19.5 Additional Features

RFC 1945 and RFC 2068 document protocol elements used by some existing HTTP implementations, but not consistently and correctly across most HTTP/1.1 applications. Implementors are advised to be aware of these features, but cannot rely upon their presence in, or interoperability with, other HTTP/1.1 applications. Some of these describe proposed experimental features, and some describe features that experimental deployment found lacking that are now addressed in the base HTTP/1.1 specification.

A number of other headers, such as Content-Disposition and Title, from SMTP and MIME are also often implemented (see RFC 2076 [37]).

19.5.1 Content-Disposition

The Content-Disposition response-header field has been proposed as a means for the origin server to suggest a default filename if the user requests that the content is saved to a file. This usage is derived from the definition of Content-Disposition in RFC 1806 [35].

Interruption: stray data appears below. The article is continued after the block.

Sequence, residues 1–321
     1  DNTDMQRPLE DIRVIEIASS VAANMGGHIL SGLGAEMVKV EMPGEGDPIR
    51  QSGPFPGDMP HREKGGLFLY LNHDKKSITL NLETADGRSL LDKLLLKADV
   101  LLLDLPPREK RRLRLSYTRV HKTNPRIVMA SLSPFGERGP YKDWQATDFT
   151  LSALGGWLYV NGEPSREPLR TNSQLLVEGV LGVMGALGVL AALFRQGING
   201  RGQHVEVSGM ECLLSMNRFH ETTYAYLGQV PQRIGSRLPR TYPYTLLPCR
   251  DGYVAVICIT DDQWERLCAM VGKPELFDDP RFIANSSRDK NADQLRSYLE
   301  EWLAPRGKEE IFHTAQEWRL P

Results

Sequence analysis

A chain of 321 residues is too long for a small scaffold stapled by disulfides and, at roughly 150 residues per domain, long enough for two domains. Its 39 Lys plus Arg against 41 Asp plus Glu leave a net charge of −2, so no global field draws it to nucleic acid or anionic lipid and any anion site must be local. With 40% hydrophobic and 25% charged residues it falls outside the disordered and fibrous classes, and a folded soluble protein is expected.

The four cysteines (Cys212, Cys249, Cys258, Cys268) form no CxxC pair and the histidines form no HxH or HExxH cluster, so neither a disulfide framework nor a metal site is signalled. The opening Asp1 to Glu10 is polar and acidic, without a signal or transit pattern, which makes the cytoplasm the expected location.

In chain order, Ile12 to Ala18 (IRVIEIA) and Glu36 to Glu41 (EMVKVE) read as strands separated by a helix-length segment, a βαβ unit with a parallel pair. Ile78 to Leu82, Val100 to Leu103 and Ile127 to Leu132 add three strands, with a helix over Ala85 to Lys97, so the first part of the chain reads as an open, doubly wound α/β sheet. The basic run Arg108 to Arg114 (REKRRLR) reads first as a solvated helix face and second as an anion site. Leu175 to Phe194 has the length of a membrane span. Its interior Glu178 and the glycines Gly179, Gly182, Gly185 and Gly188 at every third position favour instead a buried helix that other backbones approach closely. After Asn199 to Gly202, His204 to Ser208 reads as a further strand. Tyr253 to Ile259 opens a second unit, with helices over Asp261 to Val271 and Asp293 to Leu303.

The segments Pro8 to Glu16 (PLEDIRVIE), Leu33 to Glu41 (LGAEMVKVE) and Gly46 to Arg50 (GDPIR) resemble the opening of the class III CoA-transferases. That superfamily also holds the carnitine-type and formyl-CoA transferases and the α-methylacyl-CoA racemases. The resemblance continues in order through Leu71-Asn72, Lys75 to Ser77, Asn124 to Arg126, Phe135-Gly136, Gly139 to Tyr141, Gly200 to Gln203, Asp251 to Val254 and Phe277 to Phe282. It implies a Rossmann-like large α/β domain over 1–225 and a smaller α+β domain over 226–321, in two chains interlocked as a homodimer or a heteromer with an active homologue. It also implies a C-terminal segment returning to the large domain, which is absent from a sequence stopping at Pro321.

content-disposition =

"Content-Disposition" ":"

disposition-type *( ";" disposition-parm )

disposition-type =

"attachment" | disp-extension-token

disposition-parm =

filename-parm | disp-extension-parm

filename-parm =

"filename" "=" quoted-string

disp-extension-token =


disp-extension-parm =

token "=" ( token | quoted-string )

An example is

Content-Disposition: attachment; filename="fname.ext"

The receiving user agent SHOULD NOT respect any directory path information present in the filename-parm parameter, which is the only parameter believed to apply to HTTP implementations at this time. The filename SHOULD be treated as a terminal component only.

If this header is used in a response with the application/octet- stream content-type, the implied suggestion is that the user agent should not display the response, but directly enter a `save response as...' dialog.

See Section 15.5 for Content-Disposition security issues.